Washington (PRESS RELEASE – January 13, 2011) – SBA Administrator Karen Mills announced that as of Dec. 31 the agency had approved more than $10.3 billion in loan guarantees which supported more than $12 billion in lending to small businesses since President Obama signed the Small Business Jobs Act of 2010 on Sept. 27. The Jobs Act included an extension of reduced fees and higher guarantee loan enhancements in the agency’s two largest loan programs.
In a statement, Mills noted that SBA moved quickly to get these critical loan dollars in the hands of small businesses and just three months later all of the $505 million in subsidy provided in the Jobs Act to support the loan enhancements has been utilized by the agency’s national network of lending partners. In light of that, the SBA has activated the SBA loan queue to ensure that any remaining funds that result from loan cancellations in the coming weeks are redirected to new Jobs Act loans.
Following is the full statement from Mills:
“In just three months since the Small Business Jobs Act was signed into law, SBA supported more than $12 billion in lending to small businesses and entrepreneurs across the country. SBA is on the front lines with small business owners and our lending partners every single day. I’m very proud that as a result of those close relationships and partnerships we were able to quickly put this significant amount of capital into the hands of our nation’s largest job creation engine.
“The loan enhancements of higher guarantees and reduced fees first implemented as part of the Recovery Act have been a vital resource for tens of thousands of small businesses at a critical time when lending markets had dried up. Beginning in February 2009, these loan enhancements engineered a significant turnaround in SBA lending, including driving record-high levels of SBA lending in recent weeks. The end result is that the agency helped put more than $42 billion in the hands of small businesses through the Recovery Act and Jobs Act combined.
“These enhancements have been a key piece of the Obama Administration’s efforts to help small businesses drive our nation’s economic recovery. As we transition back to our standard guarantees and fee rates, SBA loan programs will continue to play an important role, as they have for decades, in helping entrepreneurs and small business owners start or grow their businesses and create jobs.
“The Small Business Jobs Act is the most consequential piece of legislation affecting small businesses enacted in more than a decade. While we are proud of how quickly SBA could provide $12 billion in capital to small businesses, we remain focused on implementing other key provisions of this law that will continue to expand access to capital, help small businesses compete for federal contracting dollars, strengthen small business exports and provide other critical support.”
During the quarter, SBA approved nearly 22,000 small business loans for $10.47 billion, supporting a total of $12.16 billion in lending. The amounts are greater than the volume for Jobs Act loans over the same period because they exclude some loans that were not eligible for one or more Jobs Act enhancements.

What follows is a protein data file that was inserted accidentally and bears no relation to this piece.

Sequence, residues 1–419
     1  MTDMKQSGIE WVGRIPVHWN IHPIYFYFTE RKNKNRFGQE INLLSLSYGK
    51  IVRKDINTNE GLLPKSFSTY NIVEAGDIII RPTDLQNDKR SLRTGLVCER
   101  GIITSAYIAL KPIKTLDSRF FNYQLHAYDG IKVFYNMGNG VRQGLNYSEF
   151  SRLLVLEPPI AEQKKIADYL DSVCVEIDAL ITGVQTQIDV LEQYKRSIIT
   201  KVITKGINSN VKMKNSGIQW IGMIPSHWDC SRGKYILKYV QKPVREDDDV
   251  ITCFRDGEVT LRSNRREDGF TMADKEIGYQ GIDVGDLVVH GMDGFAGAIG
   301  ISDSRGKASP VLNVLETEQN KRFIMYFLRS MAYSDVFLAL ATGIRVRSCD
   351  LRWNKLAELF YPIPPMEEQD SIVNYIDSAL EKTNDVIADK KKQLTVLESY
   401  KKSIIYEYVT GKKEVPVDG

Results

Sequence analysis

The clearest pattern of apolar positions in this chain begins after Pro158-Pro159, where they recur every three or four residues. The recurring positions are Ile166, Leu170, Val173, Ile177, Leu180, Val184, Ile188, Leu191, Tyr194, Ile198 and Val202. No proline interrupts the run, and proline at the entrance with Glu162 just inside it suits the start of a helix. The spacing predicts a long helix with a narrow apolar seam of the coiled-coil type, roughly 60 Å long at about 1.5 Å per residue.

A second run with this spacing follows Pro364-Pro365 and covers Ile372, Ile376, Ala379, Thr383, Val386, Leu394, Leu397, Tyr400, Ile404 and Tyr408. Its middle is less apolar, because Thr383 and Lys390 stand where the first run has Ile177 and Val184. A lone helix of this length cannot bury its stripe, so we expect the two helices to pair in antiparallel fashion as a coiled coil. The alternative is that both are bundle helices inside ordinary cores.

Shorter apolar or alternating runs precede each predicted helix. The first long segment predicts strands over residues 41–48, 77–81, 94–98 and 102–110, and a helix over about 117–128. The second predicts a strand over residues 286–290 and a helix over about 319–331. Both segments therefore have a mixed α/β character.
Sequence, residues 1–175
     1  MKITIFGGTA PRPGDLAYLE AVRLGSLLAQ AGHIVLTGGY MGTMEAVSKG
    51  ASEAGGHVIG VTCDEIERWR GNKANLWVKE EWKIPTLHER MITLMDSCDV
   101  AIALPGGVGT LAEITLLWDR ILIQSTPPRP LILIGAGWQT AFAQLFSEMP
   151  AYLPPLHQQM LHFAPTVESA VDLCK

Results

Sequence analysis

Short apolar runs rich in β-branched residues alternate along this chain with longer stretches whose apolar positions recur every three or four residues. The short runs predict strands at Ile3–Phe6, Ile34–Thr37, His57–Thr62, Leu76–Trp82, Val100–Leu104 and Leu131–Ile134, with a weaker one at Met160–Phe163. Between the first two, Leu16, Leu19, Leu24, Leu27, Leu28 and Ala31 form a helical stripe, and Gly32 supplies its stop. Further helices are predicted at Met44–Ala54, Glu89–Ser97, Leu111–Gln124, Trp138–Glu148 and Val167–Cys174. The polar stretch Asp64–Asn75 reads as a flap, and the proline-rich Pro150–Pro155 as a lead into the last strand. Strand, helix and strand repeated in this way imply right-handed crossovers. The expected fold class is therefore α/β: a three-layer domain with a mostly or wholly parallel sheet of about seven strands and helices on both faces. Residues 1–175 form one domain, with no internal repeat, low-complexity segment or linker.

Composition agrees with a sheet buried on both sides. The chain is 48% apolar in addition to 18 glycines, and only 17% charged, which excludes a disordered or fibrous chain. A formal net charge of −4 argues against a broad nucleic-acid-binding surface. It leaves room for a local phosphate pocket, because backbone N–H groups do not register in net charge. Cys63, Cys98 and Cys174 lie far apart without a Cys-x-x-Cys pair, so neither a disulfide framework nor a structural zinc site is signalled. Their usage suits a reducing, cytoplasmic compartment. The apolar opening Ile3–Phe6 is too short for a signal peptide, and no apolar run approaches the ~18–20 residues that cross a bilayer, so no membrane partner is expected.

Background on SBA Loan Enhancements:
SBA expands access to capital for small businesses by providing government-guarantees on loans made by commercial lenders. The Small Business Jobs Act extended higher guarantees and reduced fees on its two most popular loan programs, enhancements first enacted in the American Recovery and Reinvestment Act of 2009.
From Feb. 17, 2009, when the Recovery Act was signed, through Sept. 30, 2010, the SBA approved more than $22.5 billion in loan guarantees, which supported more than $30 billion in lending small businesses, due to the loan enhancements put in place by the Act. The enhancements were funded with approximately $680 million in subsidy funds provided during the period.
Following the extension of the enhancements in the Jobs Act, the agency approved an additional $10.3 billion in loan guarantees, supporting more than $12 billion in lending to small businesses from Sept. 27 through Dec. 31, funded by just $505 million in subsidy funds. The three-month extension of the loan enhancements under the Jobs Act financed the highest volume in a fiscal year’s first quarter than at any time in the agency’s history. During the week of Dec. 18-24, SBA supported a record-high $1.95 billion in small business loans, the highest dollar volume since the agency began tracking its weekly loan volumes.
SBA Loan Queue:
Authority to continue the loan enhancements was extended through March 4 by Congress last month. While there is no additional appropriation of subsidy funds to support the loan enhancements, the extended authority does allow the agency to redirect, through the SBA Loan Queue, any dollars that come available from loan cancellations in the coming weeks to new loans with the enhancements.
It is typical that some previously approved loans are later cancelled by the borrower or lender and never disbursed for a variety of reasons. The queue takes this into account and will allow eligible small businesses, in consultation with their lenders, to choose to be placed in the queue for possible approval for a Jobs Act loan if funding becomes available. Small business owners and lenders will have transparent access to the queue via www.sba.gov and will be able to remove themselves from the queue at any time to be considered for a non-Jobs Act SBA-backed loan with all applicable fees and, for 7(a) loans, standard guarantee levels.
Small Business Jobs Act of 2010:
The Small Business Jobs Act included an array of provisions aimed at helping small businesses gain access to capital, compete for federal contracting opportunities, expand exporting opportunities and obtain other assistance to help them grow and create jobs.